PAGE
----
With Knowlton, is Denison Ready?

By Paul A. Djupe and Zach Broeren

At almost every turn, Denison crows about the Knowlton Center. The result of a serious gift, Knowlton promotes career readiness in a wide variety of respects, including resume advice, helping understand career options in the “Journey Program”, financial literacy, and financial support for students to take unpaid internships, among other things. At 127, we are concerned with whether the student community is involved with these programs and whether it seems to be making a difference. Are students involved with Knowlton, what do they think about Knowlton, and are they feeling more career-ready as a result?

It is surprising just how much of campus has been involved with Knowlton (“start early”!). And it’s no surprise that there is a major rise from freshman year to senior year, starting with only 39.4% of current freshmen utilizing the Knowlton Center rising all the way up to 85.2% for seniors, a 45.8% difference. What is perhaps most interesting is that the biggest jump (by 30%) is from freshman to sophomore year. It’s no surprise that as Denisonians get closer to the end of their time on the hill they feel more pressure to secure jobs/internships and, as a result, turn to the Knowlton Center to help get them. But huge numbers of students are starting early. What our data can’t tell us, however, is whether they continue to use Knowlton or are one and done. 

A simple measure of perceived effectiveness is whether students like Knowlton more once they’ve used it. There’s clearly a bump after freshman year, once students have started to engage with Knowlton. But it also doesn’t keep climbing. In fact, by senior year there’s a bit of bifurcation  –  some really like it and some seem to have retreated to be on the fence about it (though our data don’t allow us to assess a change from a previous level).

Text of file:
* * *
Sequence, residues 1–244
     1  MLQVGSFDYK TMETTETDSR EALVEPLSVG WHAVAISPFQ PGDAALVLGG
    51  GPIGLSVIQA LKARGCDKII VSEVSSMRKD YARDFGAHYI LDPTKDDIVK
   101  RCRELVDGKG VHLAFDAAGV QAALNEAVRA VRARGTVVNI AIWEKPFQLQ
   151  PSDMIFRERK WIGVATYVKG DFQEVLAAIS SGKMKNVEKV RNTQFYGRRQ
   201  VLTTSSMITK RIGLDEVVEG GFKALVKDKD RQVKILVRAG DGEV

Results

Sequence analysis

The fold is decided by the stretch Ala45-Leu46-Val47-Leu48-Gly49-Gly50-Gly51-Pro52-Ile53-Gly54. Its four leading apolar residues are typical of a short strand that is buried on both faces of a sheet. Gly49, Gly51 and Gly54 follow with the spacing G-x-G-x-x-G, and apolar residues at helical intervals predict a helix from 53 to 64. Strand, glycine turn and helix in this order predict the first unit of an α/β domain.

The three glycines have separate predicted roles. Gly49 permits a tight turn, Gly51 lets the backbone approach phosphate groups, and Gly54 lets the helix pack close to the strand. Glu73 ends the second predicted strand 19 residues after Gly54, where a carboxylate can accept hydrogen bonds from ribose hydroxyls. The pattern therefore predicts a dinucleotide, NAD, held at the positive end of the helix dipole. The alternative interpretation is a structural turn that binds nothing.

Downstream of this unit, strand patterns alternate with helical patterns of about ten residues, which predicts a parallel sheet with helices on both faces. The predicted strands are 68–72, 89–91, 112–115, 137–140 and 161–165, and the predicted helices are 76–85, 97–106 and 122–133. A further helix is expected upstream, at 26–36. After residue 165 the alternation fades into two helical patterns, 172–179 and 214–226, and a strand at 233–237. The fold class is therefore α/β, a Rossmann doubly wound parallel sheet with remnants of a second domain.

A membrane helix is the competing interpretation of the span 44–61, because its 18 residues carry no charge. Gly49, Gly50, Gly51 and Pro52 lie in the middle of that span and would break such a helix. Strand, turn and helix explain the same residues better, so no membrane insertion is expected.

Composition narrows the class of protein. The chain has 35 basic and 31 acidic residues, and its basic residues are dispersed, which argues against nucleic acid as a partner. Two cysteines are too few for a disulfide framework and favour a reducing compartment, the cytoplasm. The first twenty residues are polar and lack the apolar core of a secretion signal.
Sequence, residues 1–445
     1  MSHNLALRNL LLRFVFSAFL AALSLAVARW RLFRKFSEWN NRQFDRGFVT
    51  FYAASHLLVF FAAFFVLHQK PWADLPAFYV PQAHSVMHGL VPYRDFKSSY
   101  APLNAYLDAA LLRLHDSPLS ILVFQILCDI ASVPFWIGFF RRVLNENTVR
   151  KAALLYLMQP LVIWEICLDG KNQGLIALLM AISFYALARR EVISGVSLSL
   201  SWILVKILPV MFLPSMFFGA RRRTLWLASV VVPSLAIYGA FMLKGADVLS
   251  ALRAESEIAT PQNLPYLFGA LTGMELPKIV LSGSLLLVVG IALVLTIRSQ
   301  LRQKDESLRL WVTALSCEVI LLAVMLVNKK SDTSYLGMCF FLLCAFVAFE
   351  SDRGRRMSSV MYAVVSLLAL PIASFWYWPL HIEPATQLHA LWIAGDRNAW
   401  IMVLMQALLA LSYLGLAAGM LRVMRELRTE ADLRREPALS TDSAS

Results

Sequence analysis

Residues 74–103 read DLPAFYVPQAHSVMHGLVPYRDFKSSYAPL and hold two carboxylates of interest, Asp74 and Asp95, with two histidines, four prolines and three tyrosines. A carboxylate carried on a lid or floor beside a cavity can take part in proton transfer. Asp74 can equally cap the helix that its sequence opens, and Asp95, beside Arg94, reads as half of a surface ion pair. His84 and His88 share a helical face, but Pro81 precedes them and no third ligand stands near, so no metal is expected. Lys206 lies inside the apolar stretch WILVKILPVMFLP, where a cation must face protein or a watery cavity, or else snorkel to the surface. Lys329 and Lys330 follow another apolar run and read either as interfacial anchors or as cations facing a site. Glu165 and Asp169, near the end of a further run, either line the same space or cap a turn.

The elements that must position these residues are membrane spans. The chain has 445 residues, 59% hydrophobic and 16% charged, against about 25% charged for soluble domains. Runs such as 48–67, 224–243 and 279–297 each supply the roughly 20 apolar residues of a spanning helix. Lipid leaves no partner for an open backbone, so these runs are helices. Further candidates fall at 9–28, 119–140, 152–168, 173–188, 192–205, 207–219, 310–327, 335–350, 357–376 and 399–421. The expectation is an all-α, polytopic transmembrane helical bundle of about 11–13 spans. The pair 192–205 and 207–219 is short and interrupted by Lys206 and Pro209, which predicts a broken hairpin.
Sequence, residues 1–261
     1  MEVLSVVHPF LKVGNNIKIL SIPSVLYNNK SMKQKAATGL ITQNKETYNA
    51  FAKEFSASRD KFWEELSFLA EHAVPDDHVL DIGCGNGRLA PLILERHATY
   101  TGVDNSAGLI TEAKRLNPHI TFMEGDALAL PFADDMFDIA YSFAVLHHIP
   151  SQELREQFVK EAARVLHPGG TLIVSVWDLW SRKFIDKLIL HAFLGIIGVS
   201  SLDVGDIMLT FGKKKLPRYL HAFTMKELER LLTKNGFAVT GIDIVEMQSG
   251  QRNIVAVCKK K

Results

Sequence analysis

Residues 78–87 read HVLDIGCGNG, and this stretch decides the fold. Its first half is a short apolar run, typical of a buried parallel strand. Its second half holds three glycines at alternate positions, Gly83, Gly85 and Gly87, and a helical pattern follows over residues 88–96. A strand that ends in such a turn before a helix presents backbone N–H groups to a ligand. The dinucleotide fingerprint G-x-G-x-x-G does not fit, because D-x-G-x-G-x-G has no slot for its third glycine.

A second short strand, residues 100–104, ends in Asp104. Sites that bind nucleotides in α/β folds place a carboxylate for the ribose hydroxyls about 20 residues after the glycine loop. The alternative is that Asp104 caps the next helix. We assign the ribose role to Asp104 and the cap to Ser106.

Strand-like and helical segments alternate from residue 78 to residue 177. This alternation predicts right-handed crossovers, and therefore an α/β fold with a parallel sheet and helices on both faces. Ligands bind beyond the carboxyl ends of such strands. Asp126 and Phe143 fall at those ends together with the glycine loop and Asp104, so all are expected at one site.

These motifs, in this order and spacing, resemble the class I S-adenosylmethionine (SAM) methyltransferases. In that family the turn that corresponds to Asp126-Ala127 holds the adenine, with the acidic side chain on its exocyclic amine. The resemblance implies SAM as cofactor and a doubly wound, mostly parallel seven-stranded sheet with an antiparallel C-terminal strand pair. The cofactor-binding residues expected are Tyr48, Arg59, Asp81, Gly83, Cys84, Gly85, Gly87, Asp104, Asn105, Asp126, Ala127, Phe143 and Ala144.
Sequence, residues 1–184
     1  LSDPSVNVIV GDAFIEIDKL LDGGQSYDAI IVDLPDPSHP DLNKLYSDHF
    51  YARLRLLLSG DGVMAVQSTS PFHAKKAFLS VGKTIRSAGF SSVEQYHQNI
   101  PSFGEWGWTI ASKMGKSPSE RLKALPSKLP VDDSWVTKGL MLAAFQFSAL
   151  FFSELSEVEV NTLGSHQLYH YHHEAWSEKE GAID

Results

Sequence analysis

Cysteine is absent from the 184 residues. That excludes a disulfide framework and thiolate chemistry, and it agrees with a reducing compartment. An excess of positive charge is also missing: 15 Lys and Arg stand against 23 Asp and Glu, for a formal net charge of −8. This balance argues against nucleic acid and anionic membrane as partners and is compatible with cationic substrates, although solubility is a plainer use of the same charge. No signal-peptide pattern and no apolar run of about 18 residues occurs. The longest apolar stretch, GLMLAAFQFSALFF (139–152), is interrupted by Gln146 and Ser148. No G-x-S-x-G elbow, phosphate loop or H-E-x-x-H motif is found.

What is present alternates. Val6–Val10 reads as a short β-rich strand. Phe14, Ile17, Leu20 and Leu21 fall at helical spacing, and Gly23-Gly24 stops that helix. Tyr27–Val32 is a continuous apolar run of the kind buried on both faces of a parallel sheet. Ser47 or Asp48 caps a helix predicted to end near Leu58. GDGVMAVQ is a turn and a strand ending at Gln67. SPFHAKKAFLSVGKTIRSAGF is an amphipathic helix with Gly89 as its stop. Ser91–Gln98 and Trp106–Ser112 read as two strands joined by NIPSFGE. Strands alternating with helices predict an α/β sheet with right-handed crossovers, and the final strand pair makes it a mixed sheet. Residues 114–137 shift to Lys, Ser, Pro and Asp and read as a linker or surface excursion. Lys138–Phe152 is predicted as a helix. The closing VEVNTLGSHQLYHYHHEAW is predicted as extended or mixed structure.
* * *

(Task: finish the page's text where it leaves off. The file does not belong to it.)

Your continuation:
While those who are farther along in their Denison careers feel more warmth towards Knowlton and use it more, do they actually feel any tangible benefits? Across all four class years, there is a higher feeling of preparedness among students who utilize the Knowlton center compared to those who don’t. Across all four class years, the mean response for those who don’t use the Knowlton Center barely changes, staying at just below “Neither Prepared or Unprepared”  –  basically a shrug. Oppositely, freshmen through juniors who use the Knowlton center have a similar mean response score just a bit higher than those who haven’t used Knowlton. The feeling of preparedness for seniors who use the Knowlton center is much higher. Still, there are very few across the board who think they are “very prepared”  –  just 7 percent overall and 15 percent among seniors. 

Maybe so many students shrug about their preparedness because they’re not particularly worried about it. Well, we asked that question and anxiety about the future is substantial. Two-thirds of students say they agree or strongly agree that “I am worried about job searching and launching my future career.” Only 14 percent are on the fence (the shrug response). Does use of Knowlton allay those fears? Not really, except among seniors –  see below. And even among seniors that anxiety doesn’t dip much if they’ve used Knowlton. This is not surprising because the unknowns are awfully unknown until senior year, and sometimes very late into the senior year. Don’t worry  –  Denison’s alumni stats strongly suggest you will get a job in your field, though that doesn’t feel real until the offer is in hand.

We don’t have these data for other schools, of course, but it’s not hard to imagine what they would look like if those institutions did not have the campus reach and resources of the Knowlton Center. Still, anxiety runs high among students about launching their careers and that is probably well-founded. Yes, Denison statistics indicate graduates will get jobs in their fields. At the same time, those statistics are built on hustle fueled by the same anxiety you are feeling. Previous graduates also had to apply for lots of internships and jobs, they had to beat the bushes to find and establish contacts, and they had to work hard laying the groundwork by developing their personal narrative and finding a path forward. So, you can too and it seems that Knowlton can help.

Paul A. Djupe is a local cyclist who runs the Data for Political Research minor. He started onetwentyseven.blog a few years ago in a bid to subsidize collective action. He’s on Twitter and you should be too, along with your president.

Zach Broeren is a resident customer at Denison University (also known as a student) who is fascinated by quantitative political science research and writes for 127 to help fill his need.

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